These questions sometimes are difficult to answer on the first visit. Usually, a good approach is to start by sharing what the Lord is doing in your own life and church. Be sure to keep the focus on Christ and his work, not on the institutional church and its program. Having done this, usually a simple question will reveal much of the individual’s need. “Now I would be interested in knowing where you are in your own spiritual quest – what is the Lord doing in your life?” Note that the question is not where is your church
membership, do you attend Sunday School, et cetera. These questions likely will not reveal the person’s real needs. You can move to these questions after you deal with the more basic question of the person’s relationship to Christ.

In this kind of back and forth sharing, the visitor usually can ascertain (if such is not known before the visit) the spiritual condition of the person being visited.


If the prospect is unsaved, many visitors have great success in simply leading the prospect through the Word of God to explain to them the Lord’s plan of salvation. An excellent tool for doing this is “Into His Marvelous Light” By Al Gossen and Kirk Bates. Assuming the appropriate climate has been established in the early part of the visit, give the prospect a copy of this one lesson study and ask him or her to join you in turning through the pages while you actually read the copy. Pause to explain or discuss any points that
may need elaboration.

When you come to the conclusion don’t be reluctant to pray with them. Ask them if they have ever repented. If the prospect is not willing to pray at that time, try to conclude the visit by setting a date when you can share further in the hope that a commitment will be made then.

But most important, before you leave, suggest they take a full 10-lesson Home Bible Study. Explain how it covers the Bible from Genesis to Revelation.



Begin by sharing your own testimony of what the Lord is doing for you as well as in your church. Remember most people are not greatly impressed with the theory and the philosophy of the Christian faith. They are impressed when they see and have contact with a life that has been transformed by the love and the grace of Christ.

After you share your own Christian experience and assess the prospect’s need, inquire, Would you like to know more of the abundant life that Christ came to give you? If the answer is yes, as it likely will be, suggest that the most important step is attendance to a full Bible teaching church and the fellowship of Christians of like precious faith. This would also be an excellent time to suggest a Home Bible Study also. Or if your church has a New Members class that covers the basics of Christian living, this would be an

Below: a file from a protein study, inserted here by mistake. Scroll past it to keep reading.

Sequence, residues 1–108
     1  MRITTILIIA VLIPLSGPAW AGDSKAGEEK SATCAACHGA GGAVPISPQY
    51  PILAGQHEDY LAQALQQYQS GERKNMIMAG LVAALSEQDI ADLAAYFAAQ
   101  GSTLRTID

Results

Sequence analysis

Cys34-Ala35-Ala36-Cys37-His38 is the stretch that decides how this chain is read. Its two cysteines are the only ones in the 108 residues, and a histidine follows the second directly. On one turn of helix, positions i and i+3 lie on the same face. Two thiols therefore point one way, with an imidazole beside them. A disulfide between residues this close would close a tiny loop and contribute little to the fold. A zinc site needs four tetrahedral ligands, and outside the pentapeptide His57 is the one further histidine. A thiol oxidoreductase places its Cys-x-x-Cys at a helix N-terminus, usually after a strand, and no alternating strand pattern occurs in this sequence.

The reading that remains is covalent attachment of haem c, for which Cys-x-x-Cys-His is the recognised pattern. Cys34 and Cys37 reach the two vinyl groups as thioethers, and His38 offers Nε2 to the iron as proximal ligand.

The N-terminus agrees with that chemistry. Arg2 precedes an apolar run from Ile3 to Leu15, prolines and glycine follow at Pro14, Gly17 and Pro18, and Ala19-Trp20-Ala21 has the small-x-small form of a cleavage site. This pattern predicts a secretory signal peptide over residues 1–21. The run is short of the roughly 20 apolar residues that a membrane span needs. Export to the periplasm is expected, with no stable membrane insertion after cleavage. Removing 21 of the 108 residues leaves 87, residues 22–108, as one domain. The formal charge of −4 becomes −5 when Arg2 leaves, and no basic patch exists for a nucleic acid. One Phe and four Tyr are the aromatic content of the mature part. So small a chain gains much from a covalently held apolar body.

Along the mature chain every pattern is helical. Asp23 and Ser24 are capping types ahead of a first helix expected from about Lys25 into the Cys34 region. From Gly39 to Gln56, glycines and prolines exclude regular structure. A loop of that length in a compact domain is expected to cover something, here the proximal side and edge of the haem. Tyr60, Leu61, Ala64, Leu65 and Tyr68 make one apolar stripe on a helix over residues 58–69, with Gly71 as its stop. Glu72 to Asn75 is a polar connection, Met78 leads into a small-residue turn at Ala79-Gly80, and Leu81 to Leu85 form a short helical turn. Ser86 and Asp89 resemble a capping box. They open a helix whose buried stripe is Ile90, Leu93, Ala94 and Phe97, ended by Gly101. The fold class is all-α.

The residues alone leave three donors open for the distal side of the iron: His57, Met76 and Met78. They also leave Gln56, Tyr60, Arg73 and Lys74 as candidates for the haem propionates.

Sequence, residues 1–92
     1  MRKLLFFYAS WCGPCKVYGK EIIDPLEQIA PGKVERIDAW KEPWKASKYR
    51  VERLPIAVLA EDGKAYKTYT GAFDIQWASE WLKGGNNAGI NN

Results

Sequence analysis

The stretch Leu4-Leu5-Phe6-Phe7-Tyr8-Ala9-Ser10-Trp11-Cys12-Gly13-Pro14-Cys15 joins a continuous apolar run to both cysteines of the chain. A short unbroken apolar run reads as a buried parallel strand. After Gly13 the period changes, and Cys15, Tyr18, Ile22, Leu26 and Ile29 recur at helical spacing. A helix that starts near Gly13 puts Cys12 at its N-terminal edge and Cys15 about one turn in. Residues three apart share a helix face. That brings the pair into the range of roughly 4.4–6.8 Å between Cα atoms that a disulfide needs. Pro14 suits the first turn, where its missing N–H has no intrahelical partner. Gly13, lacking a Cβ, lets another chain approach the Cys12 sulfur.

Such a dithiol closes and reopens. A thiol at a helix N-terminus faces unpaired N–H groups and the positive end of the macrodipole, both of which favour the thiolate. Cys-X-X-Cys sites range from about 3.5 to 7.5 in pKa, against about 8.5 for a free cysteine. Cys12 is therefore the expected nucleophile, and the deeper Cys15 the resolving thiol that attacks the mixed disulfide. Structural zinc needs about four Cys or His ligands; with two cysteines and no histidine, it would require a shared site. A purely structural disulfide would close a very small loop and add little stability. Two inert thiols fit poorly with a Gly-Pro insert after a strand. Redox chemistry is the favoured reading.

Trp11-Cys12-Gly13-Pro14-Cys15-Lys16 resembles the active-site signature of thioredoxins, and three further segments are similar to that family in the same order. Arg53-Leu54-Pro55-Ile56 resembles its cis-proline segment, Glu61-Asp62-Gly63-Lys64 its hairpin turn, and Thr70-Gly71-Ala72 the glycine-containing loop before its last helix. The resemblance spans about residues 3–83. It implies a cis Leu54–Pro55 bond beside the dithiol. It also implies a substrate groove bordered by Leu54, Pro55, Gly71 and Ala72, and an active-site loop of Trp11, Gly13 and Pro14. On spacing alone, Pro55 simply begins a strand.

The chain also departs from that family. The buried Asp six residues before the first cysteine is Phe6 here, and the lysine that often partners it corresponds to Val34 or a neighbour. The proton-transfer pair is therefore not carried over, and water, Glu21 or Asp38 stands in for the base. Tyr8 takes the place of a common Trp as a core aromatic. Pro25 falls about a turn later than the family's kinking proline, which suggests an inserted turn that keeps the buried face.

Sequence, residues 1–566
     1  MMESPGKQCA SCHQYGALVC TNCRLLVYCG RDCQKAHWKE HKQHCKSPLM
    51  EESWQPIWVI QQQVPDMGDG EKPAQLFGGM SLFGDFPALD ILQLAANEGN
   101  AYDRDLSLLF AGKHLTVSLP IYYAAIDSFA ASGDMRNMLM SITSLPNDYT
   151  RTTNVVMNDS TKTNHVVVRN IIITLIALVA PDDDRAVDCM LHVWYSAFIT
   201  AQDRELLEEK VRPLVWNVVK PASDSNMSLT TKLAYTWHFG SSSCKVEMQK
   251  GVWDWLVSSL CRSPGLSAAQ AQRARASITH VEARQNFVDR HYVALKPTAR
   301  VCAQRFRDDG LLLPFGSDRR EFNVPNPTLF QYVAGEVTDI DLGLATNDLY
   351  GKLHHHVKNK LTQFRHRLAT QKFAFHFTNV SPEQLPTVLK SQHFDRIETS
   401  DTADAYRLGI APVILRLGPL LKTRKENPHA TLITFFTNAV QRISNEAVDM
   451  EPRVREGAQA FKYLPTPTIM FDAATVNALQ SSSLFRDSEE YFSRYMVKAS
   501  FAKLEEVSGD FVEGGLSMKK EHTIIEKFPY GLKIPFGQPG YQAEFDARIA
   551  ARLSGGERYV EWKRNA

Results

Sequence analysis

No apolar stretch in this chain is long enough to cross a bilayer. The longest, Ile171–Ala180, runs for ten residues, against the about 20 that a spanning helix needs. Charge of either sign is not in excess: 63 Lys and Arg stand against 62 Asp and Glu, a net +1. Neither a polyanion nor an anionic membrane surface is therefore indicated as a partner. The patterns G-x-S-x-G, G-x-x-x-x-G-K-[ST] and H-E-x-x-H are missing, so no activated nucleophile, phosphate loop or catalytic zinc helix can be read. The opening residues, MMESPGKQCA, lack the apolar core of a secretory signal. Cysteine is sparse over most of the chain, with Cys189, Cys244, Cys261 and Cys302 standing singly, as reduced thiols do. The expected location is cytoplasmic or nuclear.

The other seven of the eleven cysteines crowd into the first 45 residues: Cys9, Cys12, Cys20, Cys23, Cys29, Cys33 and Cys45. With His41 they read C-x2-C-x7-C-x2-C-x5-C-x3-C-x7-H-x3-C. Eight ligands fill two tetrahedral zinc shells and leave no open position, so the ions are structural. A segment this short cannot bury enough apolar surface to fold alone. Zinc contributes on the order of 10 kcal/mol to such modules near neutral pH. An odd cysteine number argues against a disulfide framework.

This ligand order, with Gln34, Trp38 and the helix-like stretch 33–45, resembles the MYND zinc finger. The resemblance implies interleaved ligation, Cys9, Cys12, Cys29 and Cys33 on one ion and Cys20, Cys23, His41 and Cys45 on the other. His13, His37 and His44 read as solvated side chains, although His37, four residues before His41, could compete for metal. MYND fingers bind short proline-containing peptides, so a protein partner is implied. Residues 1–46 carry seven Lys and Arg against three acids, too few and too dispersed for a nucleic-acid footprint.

excellent time to enroll them.



Each individual brings to a witnessing opportunity personal background and skills that influence the procedure that should be used. Practice the above procedure with a friend who also is interested in improving his witnessing skills. Adapt the procedure to support your own skills. You might ask the prospect to read the bookley instead of your doing it. You might use a marked Bible and present the same thoughts without reference to the bookley. Then you might leave a copy of the bookley with the prospect for further study and for sharing with a friend. Do what is necessary to feel confident and comfortable
in the procedure fol lowed.



“And while staying with them he charged them not to de part from Jerusalem, but to wait for the promise of the Father, which he said, ‘You heard from me, for John baptized with water, but before many days you shall be baptized with the Holy Spirit”‘ (Acts 1:4-5, RSV). Let me urge you to heed these words of our Lord.

If you do not go in the power of the Holy Spirit, your time is wasted; and even harm may be done to the prospect. The Spirit is your teacher and guide (see iohn 16:13). He is the prospect’s convincer (see John 16:8).

Review what followed the demonstration of the Spirit’s power at Pentecost. The Jerusalem multitude asked two basic questions. “What does this mean” (Acts 2:12)? and “What shall we do” (Acts 2:37)?

These questions must be asked today. Furthermore, they should be asked in that order. If the first question is not asked, the second question probably will not be asked.

The first question is provoked by the Holy Spirit working through a yielded witness. The second question is asked by one who has come under the convicting power of the Holy Spirit and is open to yielding a life to Christ. This is God’s plan for spreading the truth of Christ and calling persons to the abundant life that Christ came to give.

Before you go out to share your faith and heart, regardless of the procedure you follow, ask God to condition your own heart to be used by him. Then claim his promise to give the power of the Holy Spirit
to guide your witness and the response of the person to whom you witness.